Congress Plots Reforms — Wall Street Isn't Waiting

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New York Stock Exchange trader keeps his eye on the monitor

Congress is going to fix our financial system if it takes forever. After a month of asking Enron executives what they knew and when they knew it — and getting more Fifth Amendment pleas than answers — Enron-obsessed lawmakers, particularly Democrats, are massing this week for an entire Enron-based 2002 legislative agenda. A chunk of the proceedings will be aimed at the big Wall Street firms (Citigroup, Merrill Lynch, Alliance Capital) that helped Enron get where it was before it collapsed under its own debt.

If there's enough shame in Washington to keep the lobbyists at bay, the Chinese walls that crumbled so long ago at accounting and investment firms — between accounting and consulting, between investment advice and underwriting — may get a much-needed OVERHAUL. Accounting standards may be cleaned up; enforcement may be beefed up; tax shelters may be closed up. And if things go exceedingly well, it may all happen by, oh, summer? November? Next year? That's the speed of legislation in Washington — we'll be lucky if it happens at all.

Wall Street, though, moves a lot faster, particularly when it's in the legislative crosshairs, and if we're really lucky many of the excesses of the earnings-driven, expectations-obsessed, stock-price-is-king investor culture of the last half-decade will be cleaned up by investors themselves. One plus of a stock-obsessed corporate world: It's self-policing. When investors find a suspiciously Enron-ish company, they just sell it.

So how to explain IBM? Big Blue is no house of cards. Recently departed CEO Lou Gerstner turned a flabby dinosaur into the nation's biggest tech survival and revival story by transforming it into a lean-and-mean IT services company. And he did it just as a nation of IT purchasers, their budgets gone bust, needed services most of all. The result: IBM emerged from the tech downturn with loyal customers, long-term service contracts, high earnings and low costs.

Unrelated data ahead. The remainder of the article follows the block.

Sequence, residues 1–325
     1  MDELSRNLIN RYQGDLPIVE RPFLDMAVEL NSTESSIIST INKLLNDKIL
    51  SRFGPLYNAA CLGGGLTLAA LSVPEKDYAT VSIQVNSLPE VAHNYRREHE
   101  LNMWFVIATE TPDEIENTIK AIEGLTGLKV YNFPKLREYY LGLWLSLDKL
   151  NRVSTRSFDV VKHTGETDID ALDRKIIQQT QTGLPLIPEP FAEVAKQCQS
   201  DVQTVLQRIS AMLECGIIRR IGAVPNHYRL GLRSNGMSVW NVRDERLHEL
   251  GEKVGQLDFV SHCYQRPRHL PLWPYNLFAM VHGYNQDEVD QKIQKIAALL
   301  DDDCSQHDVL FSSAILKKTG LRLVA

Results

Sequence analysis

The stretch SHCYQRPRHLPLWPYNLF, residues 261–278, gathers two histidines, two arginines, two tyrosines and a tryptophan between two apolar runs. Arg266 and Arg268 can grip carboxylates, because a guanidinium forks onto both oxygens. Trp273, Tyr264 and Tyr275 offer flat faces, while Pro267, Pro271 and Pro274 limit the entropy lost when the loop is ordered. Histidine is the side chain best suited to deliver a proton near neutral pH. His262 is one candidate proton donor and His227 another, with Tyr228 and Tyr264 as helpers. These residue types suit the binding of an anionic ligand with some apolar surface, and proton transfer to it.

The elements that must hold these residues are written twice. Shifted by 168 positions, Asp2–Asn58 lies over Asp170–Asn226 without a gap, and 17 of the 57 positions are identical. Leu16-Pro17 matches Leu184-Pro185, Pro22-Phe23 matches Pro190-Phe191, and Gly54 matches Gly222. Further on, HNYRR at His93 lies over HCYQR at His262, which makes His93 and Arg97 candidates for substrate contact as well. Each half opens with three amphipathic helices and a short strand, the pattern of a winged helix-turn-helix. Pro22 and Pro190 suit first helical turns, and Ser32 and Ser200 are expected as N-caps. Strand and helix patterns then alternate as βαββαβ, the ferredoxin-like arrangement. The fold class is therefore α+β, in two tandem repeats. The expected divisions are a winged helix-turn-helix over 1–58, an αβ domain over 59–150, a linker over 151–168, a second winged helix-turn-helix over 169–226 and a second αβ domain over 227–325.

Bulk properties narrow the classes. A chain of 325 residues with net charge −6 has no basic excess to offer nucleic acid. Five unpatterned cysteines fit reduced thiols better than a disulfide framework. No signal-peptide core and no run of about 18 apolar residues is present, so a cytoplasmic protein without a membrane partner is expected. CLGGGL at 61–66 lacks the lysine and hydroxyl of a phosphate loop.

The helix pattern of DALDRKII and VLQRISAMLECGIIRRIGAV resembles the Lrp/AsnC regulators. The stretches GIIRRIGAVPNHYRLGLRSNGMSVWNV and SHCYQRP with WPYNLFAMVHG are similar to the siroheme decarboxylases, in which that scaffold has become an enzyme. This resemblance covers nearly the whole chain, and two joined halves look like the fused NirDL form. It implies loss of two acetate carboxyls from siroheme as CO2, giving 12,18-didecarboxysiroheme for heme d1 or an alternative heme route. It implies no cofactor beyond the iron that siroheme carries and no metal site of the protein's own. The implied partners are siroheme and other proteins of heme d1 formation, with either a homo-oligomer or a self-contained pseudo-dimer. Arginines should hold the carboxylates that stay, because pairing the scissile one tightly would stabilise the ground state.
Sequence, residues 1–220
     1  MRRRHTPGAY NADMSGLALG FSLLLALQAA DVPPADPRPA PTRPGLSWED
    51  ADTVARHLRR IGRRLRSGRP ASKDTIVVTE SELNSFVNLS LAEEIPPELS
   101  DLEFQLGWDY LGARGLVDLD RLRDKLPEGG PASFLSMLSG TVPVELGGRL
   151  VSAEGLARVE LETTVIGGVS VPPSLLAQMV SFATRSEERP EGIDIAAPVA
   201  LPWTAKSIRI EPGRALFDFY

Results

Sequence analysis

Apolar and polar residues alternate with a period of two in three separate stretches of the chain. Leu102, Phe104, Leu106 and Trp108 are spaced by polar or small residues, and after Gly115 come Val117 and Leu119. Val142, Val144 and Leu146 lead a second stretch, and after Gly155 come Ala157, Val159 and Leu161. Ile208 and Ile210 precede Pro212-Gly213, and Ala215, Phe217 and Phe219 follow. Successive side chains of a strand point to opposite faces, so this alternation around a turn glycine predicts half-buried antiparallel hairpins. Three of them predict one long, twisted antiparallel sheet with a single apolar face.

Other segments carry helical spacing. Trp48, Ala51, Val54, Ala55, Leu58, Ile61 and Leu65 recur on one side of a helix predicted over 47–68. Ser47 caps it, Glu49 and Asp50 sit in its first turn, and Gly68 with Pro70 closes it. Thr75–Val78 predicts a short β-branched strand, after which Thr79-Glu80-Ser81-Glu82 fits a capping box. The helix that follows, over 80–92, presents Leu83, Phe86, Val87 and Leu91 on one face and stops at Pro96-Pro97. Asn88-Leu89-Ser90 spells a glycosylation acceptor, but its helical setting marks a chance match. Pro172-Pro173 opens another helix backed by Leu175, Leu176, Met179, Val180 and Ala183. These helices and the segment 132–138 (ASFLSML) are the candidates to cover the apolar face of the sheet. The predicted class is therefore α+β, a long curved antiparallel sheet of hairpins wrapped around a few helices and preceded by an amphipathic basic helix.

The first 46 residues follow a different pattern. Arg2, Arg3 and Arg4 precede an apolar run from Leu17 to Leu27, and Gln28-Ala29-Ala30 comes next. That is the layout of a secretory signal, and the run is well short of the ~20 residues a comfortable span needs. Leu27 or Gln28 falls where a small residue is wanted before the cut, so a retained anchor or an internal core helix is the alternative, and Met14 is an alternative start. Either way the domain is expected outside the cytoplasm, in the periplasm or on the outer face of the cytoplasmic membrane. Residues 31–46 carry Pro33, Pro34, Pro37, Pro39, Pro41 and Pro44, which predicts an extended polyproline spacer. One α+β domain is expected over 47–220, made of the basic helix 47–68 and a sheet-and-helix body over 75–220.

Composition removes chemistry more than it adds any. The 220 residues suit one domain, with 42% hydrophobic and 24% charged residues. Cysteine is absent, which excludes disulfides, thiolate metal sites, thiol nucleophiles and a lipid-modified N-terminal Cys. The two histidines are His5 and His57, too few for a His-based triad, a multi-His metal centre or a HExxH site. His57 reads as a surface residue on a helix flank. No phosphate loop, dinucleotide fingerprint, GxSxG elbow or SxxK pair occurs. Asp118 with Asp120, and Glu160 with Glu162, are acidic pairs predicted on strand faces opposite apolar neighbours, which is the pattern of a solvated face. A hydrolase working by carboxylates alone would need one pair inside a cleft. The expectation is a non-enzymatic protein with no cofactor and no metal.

But, while IBM is indeed in solid shape, its earnings have grown 20 percent annually since 1994 while its revenues have grown only 5 percent a year over the same time period. Should the stock really be up more than fivefold?

Financial journalists, eager not to let the next Enron pass them by, have been taking the company to task for its accounting practices: conveniently categorized asset sales, share buy-backs and adjustments to the projections of pension-fund earnings and long-term services contracts. And investors, led by those same market-making investment firms that Congress is penciling in for its spring hearings season, have turned up the heat on current CEO Jeff Palmisano. IBM is down 20 percent on the year, and fell nearly $4 Tuesday, bringing both the Dow and the techs down with it. (The latest kick was a New York Times report Friday that fourth-quarter revenues met expectations only from a one-time $300 million asset sale.)

And so it was Tuesday, that John Joyce, IBM's chief financial officer, said that Big Blue would be opening its books a little wider every quarter at earnings time, making previously obscure information about asset sales, earnings projections and revenue streams easier to find. Joyce told the Wall Street Journal that while IBM's past practice has been correct under accounting guidelines, "our shareholders and analysts have been asking for more." The responsive, reformative powers of Congress were not mentioned as a motivation.